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Making brioche and panettone in an Electrolux mixer - tips/tricks

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hkooreman's picture
hkooreman

Making brioche and panettone in an Electrolux mixer - tips/tricks

I recently purchased a used Electrolux mixer really cheaply.  It had some issues so I sent it to Magic Mill for repair.  Fortunately, they said they would be able to fix it.  The mixer hasn't returned yet, but I am anxiously awaiting it.  Anyway, having never used this type of mixer before I was wondering if anyone could provide some tips on how to use it properly for making brioche and panettone with it.  I've read numerous posts on this site and watched the videos on youtube; however, all the doughs which are described/demonstrated are just standard straight doughs where everything kind of gets dumped in at the start and then kneaded.  I've only used a Kitchenaid when I've made brioche and panettone (or done it by hand). Hopefully those of you experienced with Electrolux mixers will be able to impart your wisdom.  Thanks.

nicodvb's picture
nicodvb

which model of Electrolux? The bg planetary mixer with the kneading arm above the bowl or the Verona/assistant stuff? 

With the planetary mixer you can use the usual method: using the paddle mix all ingredients together except fats. Mix at moderately high speed (2 on my kmix) until all ingredients begin to make ropes at the sides, then add butter in small pieces until it's perfectly blended. Slowly the dough will come together. When it does remix using the hook. Previously I used to make the dough come together before adding butter, but it's not really necessary.

I've never used the Verona, but for some reason I would never feel confortable with that kind of mixing.

 

hkooreman's picture
hkooreman

It is an old Magic Mill DLX 9000--the kind with the roller and scraper (like the Verona and the Assistent).

gary.turner's picture
gary.turner

The DLX is more similar to a spiral mixer than other types. It has a friction factor so low that I tend to ignore it. The big difference between this and KA like mixers is that you add the liquids first, then the dry. It also seems more efficient than the planetary mixer.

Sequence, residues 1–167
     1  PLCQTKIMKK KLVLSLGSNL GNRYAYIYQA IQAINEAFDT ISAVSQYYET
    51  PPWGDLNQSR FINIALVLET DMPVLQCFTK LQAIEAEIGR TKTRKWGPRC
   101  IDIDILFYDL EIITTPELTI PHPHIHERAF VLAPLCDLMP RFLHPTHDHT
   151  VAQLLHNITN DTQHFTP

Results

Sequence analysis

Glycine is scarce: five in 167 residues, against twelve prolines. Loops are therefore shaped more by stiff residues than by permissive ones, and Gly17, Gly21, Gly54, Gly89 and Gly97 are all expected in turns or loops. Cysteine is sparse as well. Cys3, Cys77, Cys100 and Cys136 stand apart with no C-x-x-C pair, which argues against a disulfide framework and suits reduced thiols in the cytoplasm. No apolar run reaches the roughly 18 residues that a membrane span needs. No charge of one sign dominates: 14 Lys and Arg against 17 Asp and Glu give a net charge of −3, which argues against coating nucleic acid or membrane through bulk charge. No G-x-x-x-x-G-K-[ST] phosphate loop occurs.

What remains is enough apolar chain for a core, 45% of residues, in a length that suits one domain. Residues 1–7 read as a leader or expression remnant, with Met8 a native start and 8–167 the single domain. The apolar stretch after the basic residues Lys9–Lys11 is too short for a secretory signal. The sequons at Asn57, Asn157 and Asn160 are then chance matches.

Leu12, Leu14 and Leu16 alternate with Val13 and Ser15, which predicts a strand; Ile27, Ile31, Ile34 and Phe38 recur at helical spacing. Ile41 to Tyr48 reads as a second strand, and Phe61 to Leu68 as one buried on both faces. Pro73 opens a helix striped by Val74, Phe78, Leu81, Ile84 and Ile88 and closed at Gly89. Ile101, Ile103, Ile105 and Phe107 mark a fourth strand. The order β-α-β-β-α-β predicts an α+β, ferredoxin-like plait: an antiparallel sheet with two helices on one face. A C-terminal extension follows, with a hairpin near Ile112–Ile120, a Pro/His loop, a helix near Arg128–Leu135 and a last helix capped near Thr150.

If the butter is ≤10% of the flour weight, it can be added at the first mix.  More than that, and you should wait 'til after the first mix and rest. From that point, follow the recipe.

I haven't run enough large batches (≥2.5kg total dough) to becomes intimately acquainted with the dough hook. The roller and scraper's action is fascinating, though. It begins with the roller squeezing the dough, with the scraper giving a little turn each time around. As gluten begins to form, it catches on the scraper and is given a bit of pull. In the final stage, the dough is hooked by the scraper (I really prefer thinking of it as a breaker bar, à la the spiral mixer), which causes a twisting and stretching action before returning to the roller to be squeezed.

Don't be fooled by the gentle looking action, it is outworking the conventional mixer by a bunch. Where the KA may take 12–15 min at the highest speed you dare to develop a strong gluten, the DLX will need 6–8 min at a fairly leisurely speed (depends on roller spacing which depends on amount of flour[1]) to pull the same window pane.

Have fun when you get the mixer back.

cheers,

gary

1. The more flour, the greater the spacing from the bowl rim. The farther the roller from the rim, the slower it revolves, which requires a higher bowl speed to maintain roller speed at the desire rate (200rpm for the second mix).